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November 2, 2015

Alcoa to Curtail Smelting and Refining Capacity to Further Drive Upstream Competitiveness

Production curtailments of 503,000 metric tons of aluminum and 1.2 million metric tons of alumina

NEW YORK--(BUSINESS WIRE)--Lightweight metals leader Alcoa (NYSE:AA) today announced that it is taking decisive action to curtail uncompetitive smelting and refining capacity to ensure continued competitiveness amid prevailing market conditions. The Company will reduce aluminum smelting capacity by 503,000 metric tons and alumina refining capacity by 1.2 million metric tons. Alcoa will begin the curtailments in the fourth quarter of 2015 and will complete them by the end of the first quarter of 2016.

The reductions will further improve the cost position of the Upstream business and ensure competitiveness in a lower pricing environment, including a 30 percent drop in the Midwest transaction aluminum price year-to-date. Alcoa has been aggressively reshaping its Upstream portfolio as part of a successful multi-year strategy to position itself as a low-cost global leader in alumina and aluminum production. Once today’s actions are complete, Alcoa will have closed, divested or curtailed 45 percent of total smelting operating capacity since 2007.

“Alcoa has consistently taken decisive actions to create a commodity business that is positioned to succeed throughout the cycle,” said Klaus Kleinfeld, Chairman and Chief Executive Officer. “We have closed or curtailed unprofitable capacity, repowered key assets at lower energy prices, built-up a profitable value-add casthouse network, established the foundation for a strong commercial bauxite business, and made substantial productivity improvements. In the face of continued adverse market forces, we are once again not standing still. These difficult, but necessary measures will further strengthen our Upstream portfolio, reducing our cost position and driving greater resilience as we prepare to launch this business as a strong standalone company in the second half of 2016.”

In its aluminum business, Alcoa will idle the Intalco and Wenatchee primary aluminum smelters in Washington State, and the Massena West smelter in New York. The Company will not modernize the New York Massena East smelter and will permanently close the facility; potlines at Massena East have been closed since March 2014. The casthouses at Intalco and Massena West, which produce value-add shaped products, will continue to operate. The Alcoa Forgings and Extrusions facility in Massena is unaffected.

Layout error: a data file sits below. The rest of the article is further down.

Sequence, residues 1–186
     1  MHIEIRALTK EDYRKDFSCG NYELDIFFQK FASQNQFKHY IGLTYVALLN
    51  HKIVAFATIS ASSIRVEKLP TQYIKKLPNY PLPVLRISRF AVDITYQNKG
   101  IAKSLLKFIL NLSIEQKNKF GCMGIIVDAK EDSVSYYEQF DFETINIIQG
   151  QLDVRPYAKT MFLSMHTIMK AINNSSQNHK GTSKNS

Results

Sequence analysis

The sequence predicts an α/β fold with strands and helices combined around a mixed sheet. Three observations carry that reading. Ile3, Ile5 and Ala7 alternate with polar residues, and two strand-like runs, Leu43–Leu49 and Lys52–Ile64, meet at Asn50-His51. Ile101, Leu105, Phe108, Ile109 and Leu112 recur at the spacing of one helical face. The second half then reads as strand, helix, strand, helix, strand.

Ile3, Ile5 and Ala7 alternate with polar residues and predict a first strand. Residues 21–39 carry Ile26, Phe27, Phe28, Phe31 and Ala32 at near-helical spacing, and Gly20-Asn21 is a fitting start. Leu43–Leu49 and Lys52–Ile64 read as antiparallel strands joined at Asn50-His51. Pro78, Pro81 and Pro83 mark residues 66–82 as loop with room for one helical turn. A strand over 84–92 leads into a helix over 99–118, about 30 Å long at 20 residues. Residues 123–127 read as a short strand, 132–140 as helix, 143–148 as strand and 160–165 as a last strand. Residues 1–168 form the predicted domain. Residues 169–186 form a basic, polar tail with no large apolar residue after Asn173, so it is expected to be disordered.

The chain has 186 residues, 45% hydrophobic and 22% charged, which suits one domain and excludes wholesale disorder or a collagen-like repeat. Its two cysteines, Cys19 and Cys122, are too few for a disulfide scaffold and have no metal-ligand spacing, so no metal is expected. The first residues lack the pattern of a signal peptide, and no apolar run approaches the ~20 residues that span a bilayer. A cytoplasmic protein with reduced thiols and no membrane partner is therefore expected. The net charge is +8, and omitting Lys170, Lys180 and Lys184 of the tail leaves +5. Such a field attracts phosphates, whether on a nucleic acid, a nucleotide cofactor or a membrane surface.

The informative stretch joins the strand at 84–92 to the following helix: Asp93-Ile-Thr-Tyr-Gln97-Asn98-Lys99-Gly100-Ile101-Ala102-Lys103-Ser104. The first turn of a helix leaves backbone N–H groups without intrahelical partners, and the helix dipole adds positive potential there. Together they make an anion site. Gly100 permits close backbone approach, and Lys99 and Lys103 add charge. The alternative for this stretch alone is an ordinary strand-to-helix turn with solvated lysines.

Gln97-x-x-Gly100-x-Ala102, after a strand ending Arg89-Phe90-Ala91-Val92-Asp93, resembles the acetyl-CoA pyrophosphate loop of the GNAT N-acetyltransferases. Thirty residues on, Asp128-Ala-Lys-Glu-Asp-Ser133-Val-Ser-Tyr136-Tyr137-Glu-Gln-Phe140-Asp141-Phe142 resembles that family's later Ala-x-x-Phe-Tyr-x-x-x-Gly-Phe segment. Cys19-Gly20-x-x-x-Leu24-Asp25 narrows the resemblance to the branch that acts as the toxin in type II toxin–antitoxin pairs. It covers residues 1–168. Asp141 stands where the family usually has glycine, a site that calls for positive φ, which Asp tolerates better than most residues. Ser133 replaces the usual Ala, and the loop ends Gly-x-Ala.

In its alumina business, Alcoa will partially curtail refining capacity at its Pt. Comfort, Texas facility by about 1.2 million metric tons.

“Across the globe, we have been taking measures to curtail smelting and refining capacity that is not competitive to improve our cost profile,” said Roy Harvey, Executive Vice President and President, Global Primary Products. “Alcoa has a long, proud history at the affected locations and our dedicated employees have worked hard to keep our facilities competitive in the face of challenging market conditions. Unfortunately, today’s pricing environment necessitates very difficult decisions. We recognize how deeply these decisions affect our Alcoa family and communities and are committed to working closely with our employees and unions and local stakeholders to support them through this transition.”

Once these actions are implemented, Alcoa will have curtailed or closed 673,000 metric tons of uncompetitive smelting capacity and 2.5 million metric tons of uncompetitive refining capacity since its announced review of 500,000 metric tons of smelting capacity and 2.8 million metric tons of refining capacity in March 2015.

Total restructuring-related charges in the fourth quarter of 2015 associated with today’s announcement are expected to be between $160 million and $180 million after-tax, or $0.12 to $0.14 per share, of which approximately 30 percent would be non-cash.

As previously announced, Alcoa will separate into two, industry-leading publicly-traded companies in the second half of 2016 – an Upstream-focused company including its Mining, Refining, Smelting, Energy and Casting businesses, and a Value-Add company including its Global Rolled Products, Engineered Products and Solutions, and Transportation and Construction Solutions businesses.

About Alcoa